Posts Tagged ‘ Architecture ’

Palazzo della Civiltà Italiana, Rome, Italy

Approximately ten years ago as a student I had to go to Rome for a briefing at the IBM’s italian headquarters in Rome’s EUR district.
While traveling by taxy to via Cristoforo Colombo I suddenly saw it, I was really surprised because I had never been to EUR, I had not studied history of modern architecture, I didn’t know it … but I had seen it, when, where? I’m going to reveal you … follow me.

It’s Palazzo della Civiltà Italiana (Palace of Italian Culture) also known as the Palazzo della Civiltà del Lavoro (Palace of Italian Culture of Work ) or simply the Colosseo Quadrato (Square Colosseum) and it’s an icon of Fascist architecture.

Palazzo della Civiltà Italiana

It was designed by the architects Giovanni Guerrini, Ernesto Bruno La Padula and Mario Romano and constructed between 1938 and 1943. It was inaugurated on 30 November 1940 as the centerpiece of the EUR and continues to be its most iconic building. The structure is also considered one of the most representative examples of Fascist architecture at the EUR.

The design of the “Square Colosseum” was inspired more to celebrate the Colosseum, and the structure was intended by Benito Mussolini as a celebration of the older Roman landmark. Similar to the Colosseum, the palace has a series of superimposed loggias, shown on the façade as six rows of nine arches each.

Palazzo della Civiltà Italiana (Particular)

At the top of each of the four façades there is an inscription in capital letters:
(In English)
A nation of poets, of artists, of heroes,
Of saints, of thinkers, of scientists,
Of helmsmen, of transmigrants

Where did you see it?
You have seen it in a Nike’s advertisement of the nineties, where famous football players retrieved a ball kept inside the building.

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Danteum, Giuseppe Terragni, Rome, 1942

The Danteum is an unbuilt monument to Dante Alighieri designed by the modernist architect Giuseppe Terragni at the behest of Benito Mussolini‘s Fascist government. The design was presented at the 1942 Exhibition in Rome but it was not constructed.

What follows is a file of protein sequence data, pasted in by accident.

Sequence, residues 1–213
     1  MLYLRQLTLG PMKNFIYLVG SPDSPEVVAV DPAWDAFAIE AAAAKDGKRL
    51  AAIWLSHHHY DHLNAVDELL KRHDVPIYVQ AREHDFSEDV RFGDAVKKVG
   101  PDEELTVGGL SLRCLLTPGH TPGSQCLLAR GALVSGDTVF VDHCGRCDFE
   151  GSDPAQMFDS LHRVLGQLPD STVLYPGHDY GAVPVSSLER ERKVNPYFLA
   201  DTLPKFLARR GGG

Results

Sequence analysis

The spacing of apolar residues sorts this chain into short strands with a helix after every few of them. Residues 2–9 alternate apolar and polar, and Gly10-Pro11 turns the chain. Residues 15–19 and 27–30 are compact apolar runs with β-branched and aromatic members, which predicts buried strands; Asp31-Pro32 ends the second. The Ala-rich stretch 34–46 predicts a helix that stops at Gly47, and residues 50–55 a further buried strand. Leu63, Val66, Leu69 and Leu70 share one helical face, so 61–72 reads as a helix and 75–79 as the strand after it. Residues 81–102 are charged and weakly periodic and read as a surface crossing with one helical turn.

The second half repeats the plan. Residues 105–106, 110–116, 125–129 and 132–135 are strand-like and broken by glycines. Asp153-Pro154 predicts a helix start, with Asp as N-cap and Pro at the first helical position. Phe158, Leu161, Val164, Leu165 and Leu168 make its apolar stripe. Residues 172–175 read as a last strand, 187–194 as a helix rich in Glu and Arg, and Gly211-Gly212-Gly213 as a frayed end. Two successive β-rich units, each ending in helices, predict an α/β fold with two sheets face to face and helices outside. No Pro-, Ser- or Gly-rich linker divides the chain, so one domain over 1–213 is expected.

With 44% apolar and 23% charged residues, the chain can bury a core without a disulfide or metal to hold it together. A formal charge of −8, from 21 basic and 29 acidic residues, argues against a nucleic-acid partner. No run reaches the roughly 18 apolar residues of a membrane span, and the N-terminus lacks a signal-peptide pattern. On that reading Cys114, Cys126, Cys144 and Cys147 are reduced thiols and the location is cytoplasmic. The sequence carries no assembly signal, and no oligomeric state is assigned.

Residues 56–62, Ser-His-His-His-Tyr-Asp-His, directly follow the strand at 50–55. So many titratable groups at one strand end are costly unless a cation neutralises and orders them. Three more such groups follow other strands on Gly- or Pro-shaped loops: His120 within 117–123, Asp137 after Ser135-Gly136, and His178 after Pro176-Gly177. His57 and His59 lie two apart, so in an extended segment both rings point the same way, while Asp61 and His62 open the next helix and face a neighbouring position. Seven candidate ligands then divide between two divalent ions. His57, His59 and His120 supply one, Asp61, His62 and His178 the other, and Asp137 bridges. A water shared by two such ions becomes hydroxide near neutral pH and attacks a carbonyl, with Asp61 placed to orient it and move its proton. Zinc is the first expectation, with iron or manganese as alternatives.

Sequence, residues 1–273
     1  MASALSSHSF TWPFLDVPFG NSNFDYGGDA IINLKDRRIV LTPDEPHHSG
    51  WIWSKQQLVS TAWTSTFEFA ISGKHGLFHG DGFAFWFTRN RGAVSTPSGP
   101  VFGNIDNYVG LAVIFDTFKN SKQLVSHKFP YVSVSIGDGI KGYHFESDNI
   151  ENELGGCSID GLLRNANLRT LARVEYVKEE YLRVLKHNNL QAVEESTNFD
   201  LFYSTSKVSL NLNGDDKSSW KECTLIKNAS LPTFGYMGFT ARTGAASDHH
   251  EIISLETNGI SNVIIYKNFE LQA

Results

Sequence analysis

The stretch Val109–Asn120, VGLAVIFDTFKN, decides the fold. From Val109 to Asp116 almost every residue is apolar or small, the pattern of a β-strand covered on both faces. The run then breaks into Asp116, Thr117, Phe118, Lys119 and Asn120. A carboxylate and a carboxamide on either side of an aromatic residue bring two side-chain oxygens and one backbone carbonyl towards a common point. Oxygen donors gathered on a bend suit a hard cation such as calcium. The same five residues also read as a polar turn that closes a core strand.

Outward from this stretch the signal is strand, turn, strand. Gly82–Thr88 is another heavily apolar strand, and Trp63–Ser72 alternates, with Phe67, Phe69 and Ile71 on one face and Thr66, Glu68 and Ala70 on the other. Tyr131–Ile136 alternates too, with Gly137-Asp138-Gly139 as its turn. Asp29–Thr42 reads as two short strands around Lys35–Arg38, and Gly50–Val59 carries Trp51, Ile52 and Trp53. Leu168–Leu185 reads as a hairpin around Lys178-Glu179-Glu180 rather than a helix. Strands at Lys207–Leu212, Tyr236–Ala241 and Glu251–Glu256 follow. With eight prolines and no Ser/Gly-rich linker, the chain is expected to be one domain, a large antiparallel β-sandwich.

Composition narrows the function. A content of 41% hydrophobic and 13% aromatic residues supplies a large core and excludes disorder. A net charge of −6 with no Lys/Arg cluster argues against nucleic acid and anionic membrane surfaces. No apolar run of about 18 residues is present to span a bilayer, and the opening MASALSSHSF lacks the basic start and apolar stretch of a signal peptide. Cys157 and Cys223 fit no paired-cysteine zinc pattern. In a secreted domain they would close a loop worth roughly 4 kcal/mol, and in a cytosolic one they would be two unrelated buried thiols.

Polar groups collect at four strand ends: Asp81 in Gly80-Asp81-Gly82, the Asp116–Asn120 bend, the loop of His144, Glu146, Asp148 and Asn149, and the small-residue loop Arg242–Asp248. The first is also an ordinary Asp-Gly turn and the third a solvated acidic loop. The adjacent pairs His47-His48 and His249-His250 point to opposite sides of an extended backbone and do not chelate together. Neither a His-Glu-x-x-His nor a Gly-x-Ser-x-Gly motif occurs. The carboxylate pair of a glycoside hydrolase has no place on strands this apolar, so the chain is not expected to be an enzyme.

Compositionally, the Danteum is conceived as an allegory of the Divine Comedy. It consists of a sequence of monumental spaces that parallel the narrator’s journey from the “dark wood” through hell, purgatory, and paradise. Rather than attempting to illustrate the narrative, however, Terragni focuses on the text’s form and rhyme structure, translating them into the language of carefully proportioned spaces and unadorned surfaces typical of Italian Rationalism.

In june 2007 Alessio Nanni composer and Rodolfo Migliari visual artist created a compositing and creative concept about acoustic and visual materials called Danteum.

Visual and acoustic "Danteum" Preview

This project wants to merge the visual and acoustic sensations in an unique body, where it’s impossible to watch the instalation without the sound and viceversa. The visual and acoustic ambient is defined by a very well-balanced background where the three elements earth, fire and water symbolize the three parts of the poem.

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Criticizing what you can’t criticize

Le Modulor

The architecture is a discipline that designs both small and everyday items, such as furniture components, and extremely large and complex structures dealt by planning.
Architecture is not an exact science, there aren’t scientific experiments or laboratory tests that indicate the right way to design.